“The gypsy family may have evolved their own mobilization strategy in the soma to evade the extensive anti-transposon surveillance system already in place in the neighboring germ cells,” explains Malone. “The somatic cells, in turn, might have adapted a distinct piRNA pathway, centered on Piwi and the flamenco cluster, as a counter-evolutionary move to cope with this unique threat.”
Over the years, fruit fly researchers have uncovered a number of genomic mutations that lead to sterility and abnormal development. Since these defects could have been caused by unchecked transposon activity, mutant flies are a good experimental resource to uncover exactly how piRNA pathways work and how they might get disrupted.
The Hannon team has analyzed eight such mutants, showing how the genes disrupted in each mutant impact the piRNA pathway and how it alters the type and number of piRNAs that cells are able to generate.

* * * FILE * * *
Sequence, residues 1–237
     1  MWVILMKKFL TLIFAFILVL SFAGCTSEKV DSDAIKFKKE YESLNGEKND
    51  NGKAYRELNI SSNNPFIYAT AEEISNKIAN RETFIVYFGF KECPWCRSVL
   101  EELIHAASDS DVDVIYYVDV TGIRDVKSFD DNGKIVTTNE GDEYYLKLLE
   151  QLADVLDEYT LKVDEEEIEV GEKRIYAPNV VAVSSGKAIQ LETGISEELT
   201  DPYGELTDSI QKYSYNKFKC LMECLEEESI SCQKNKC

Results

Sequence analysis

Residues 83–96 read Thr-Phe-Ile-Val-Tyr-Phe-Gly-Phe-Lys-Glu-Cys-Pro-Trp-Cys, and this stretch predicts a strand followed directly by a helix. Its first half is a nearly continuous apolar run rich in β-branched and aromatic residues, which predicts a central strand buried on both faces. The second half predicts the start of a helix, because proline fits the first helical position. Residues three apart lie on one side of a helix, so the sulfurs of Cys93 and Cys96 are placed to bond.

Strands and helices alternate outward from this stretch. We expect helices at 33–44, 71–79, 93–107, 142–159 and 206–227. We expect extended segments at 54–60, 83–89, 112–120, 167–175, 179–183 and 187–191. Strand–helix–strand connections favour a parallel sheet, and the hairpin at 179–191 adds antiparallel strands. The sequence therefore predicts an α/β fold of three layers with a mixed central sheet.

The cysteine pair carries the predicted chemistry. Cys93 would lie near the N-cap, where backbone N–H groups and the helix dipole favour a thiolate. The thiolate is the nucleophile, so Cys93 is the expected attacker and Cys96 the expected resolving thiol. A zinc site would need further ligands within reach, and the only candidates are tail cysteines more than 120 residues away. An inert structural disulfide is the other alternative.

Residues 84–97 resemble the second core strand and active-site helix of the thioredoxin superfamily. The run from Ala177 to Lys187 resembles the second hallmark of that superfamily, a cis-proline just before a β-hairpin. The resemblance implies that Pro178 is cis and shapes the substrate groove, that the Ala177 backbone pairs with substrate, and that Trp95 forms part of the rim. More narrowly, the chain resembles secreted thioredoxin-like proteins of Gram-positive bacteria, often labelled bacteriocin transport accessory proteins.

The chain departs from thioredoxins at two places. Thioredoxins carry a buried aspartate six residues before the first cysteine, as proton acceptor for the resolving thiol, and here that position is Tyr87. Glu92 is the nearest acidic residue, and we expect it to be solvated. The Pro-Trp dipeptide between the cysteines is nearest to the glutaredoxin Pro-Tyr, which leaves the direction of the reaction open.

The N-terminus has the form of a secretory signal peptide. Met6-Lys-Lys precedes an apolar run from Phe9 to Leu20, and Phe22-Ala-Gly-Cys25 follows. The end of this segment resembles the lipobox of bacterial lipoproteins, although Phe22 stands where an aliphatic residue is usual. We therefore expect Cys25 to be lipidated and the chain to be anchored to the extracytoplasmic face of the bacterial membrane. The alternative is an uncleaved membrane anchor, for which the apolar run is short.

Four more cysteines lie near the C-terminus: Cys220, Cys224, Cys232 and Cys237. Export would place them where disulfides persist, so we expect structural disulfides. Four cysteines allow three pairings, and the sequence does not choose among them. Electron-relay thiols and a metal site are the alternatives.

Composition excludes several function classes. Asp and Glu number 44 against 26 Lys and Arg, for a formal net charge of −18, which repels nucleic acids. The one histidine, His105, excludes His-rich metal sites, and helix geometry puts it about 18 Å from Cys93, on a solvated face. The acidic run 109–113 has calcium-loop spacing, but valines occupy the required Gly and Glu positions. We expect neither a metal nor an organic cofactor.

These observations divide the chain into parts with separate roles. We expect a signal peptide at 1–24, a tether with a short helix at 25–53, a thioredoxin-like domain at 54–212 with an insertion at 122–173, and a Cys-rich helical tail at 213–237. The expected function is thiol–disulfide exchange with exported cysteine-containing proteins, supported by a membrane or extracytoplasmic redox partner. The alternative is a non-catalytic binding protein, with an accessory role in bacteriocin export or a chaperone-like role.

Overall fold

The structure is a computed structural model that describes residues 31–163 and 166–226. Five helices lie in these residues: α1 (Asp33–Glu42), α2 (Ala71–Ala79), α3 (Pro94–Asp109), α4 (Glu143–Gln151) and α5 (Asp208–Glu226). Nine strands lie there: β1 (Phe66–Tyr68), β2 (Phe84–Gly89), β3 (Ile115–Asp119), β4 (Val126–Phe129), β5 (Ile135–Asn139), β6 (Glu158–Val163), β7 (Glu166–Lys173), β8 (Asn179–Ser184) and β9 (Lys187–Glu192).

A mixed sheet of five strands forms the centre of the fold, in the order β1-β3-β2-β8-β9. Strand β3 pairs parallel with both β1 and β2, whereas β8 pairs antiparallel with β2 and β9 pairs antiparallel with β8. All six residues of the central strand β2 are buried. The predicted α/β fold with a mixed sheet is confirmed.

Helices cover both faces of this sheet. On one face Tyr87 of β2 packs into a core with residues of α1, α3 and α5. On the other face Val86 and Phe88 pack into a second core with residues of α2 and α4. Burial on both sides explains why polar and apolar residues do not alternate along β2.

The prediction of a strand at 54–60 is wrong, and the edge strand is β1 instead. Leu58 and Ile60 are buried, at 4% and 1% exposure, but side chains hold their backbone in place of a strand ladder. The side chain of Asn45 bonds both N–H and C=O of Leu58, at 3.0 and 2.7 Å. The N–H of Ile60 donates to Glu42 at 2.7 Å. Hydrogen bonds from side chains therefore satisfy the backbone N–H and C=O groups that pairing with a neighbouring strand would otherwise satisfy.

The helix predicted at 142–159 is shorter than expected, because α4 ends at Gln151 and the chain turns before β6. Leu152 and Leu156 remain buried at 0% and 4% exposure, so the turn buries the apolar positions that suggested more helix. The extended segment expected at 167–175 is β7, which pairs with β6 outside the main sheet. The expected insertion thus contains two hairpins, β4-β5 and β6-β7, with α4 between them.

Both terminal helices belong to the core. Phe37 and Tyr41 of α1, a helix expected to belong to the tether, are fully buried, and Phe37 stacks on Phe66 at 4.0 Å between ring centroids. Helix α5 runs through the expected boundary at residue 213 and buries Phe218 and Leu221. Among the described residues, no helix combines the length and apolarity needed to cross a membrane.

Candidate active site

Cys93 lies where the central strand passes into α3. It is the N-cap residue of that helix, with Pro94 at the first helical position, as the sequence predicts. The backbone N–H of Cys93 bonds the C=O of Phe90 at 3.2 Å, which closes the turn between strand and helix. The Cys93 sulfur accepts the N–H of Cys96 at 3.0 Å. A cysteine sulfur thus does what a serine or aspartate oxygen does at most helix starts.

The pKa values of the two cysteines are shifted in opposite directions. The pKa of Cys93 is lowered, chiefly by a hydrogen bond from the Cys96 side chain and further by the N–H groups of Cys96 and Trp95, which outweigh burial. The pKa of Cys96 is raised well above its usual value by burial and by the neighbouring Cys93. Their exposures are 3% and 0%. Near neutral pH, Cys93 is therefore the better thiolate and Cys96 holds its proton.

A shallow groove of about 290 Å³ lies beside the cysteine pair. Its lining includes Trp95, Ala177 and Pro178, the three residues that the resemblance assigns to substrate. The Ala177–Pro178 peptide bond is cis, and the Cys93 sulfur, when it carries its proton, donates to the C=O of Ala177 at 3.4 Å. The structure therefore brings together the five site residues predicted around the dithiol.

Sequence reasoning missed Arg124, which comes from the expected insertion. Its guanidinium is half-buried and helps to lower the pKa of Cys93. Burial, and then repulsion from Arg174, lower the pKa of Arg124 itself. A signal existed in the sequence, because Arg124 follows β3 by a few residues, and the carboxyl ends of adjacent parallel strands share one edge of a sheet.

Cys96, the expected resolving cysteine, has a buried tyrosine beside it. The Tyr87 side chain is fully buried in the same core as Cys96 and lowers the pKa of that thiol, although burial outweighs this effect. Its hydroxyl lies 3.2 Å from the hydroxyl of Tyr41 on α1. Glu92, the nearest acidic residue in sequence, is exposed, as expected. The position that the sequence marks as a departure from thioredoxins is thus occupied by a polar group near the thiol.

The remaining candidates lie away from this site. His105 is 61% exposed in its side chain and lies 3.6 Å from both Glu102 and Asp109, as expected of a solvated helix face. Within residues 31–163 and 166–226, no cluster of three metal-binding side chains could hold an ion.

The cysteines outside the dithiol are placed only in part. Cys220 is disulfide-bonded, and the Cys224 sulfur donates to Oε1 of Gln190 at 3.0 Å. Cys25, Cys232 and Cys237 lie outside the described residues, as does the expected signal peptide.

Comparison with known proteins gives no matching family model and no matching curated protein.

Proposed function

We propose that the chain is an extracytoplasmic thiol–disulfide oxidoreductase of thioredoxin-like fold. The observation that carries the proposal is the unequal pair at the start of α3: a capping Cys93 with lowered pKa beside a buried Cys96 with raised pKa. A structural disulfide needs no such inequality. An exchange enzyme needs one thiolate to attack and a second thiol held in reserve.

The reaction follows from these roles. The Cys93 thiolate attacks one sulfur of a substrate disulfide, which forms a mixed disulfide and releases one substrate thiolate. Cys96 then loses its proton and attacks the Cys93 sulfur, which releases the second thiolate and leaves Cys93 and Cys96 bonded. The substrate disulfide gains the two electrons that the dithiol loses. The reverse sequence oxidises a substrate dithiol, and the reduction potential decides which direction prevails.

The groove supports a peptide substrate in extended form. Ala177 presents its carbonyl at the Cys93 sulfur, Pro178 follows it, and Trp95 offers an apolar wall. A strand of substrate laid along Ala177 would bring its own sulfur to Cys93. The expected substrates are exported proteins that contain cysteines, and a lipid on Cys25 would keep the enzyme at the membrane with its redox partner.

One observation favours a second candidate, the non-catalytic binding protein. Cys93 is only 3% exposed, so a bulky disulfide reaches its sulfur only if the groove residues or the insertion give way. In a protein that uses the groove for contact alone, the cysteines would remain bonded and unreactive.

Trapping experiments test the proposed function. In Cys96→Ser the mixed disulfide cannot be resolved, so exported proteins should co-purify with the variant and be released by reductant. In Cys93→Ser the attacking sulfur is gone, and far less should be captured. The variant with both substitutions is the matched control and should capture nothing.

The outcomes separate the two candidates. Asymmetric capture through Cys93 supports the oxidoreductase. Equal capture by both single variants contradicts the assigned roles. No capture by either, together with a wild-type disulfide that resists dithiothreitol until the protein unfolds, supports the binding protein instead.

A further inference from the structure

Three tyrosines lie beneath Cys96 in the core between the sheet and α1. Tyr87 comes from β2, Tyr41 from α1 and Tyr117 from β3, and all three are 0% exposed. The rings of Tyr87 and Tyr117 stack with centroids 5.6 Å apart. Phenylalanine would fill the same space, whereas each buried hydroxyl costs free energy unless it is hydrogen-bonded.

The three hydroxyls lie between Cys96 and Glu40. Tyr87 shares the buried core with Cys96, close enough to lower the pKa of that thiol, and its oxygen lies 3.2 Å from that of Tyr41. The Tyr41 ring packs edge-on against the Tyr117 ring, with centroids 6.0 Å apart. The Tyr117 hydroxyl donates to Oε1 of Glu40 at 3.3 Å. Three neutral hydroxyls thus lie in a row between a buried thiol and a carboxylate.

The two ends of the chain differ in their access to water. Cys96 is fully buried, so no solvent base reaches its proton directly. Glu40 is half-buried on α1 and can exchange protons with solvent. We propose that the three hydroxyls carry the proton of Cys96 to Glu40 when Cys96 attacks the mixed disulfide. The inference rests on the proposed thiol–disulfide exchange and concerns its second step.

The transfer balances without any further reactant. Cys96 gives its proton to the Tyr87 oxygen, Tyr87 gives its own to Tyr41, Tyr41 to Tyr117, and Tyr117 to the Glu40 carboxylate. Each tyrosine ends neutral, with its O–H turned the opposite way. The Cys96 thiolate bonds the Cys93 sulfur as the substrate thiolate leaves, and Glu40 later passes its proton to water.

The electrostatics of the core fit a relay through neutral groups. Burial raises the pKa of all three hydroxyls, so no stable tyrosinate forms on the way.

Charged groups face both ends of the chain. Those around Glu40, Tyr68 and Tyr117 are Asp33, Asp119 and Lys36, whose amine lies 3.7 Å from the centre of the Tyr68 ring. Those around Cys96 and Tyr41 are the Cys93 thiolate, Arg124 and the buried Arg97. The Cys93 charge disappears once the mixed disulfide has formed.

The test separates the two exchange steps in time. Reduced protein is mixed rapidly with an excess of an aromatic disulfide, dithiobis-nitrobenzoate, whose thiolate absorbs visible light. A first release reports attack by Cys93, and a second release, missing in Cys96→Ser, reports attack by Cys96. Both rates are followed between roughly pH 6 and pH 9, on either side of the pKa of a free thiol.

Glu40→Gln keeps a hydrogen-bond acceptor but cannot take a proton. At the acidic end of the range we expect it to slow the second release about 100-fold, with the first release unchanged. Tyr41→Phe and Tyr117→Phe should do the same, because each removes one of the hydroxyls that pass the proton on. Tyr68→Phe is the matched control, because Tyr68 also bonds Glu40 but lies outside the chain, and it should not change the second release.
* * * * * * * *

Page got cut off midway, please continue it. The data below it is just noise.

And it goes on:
“We are beginning to paint a broad picture of how the piRNA pathway has been genetically stitched together,” says Hannon. “This work brings decades of research into a cohesive model that can be used as the starting point to understand how each gene that contributes to a fly’s biological phenotype is acting at the molecular level.”
“Specialized piRNA Pathways Act in Germline and Somatic Tissues of the Drosophila Ovary” appears in the May 1, 2009 issue of Cell. The full citation is: Colin D. Malone, Julius Brennecke, Monica Dus, Alexander Stark, W. Richard McCombie, Ravi Sachidanandam, and Gregory J. Hannon.
Founded in 1890, Cold Spring Harbor Laboratory has shaped contemporary biomedical research and education with programs in cancer, neuroscience, plant biology and quantitative biology. Home to eight Nobel Prize winners, the private, not-for-profit Laboratory employs 1,100 people including 600 scientists, students and technicians. The Meetings & Courses Program annually hosts more than 12,000 scientists. The Laboratory’s education arm also includes an academic publishing house, a graduate school and the DNA Learning Center with programs for middle and high school students and teachers. For more information, visit www.cshl.edu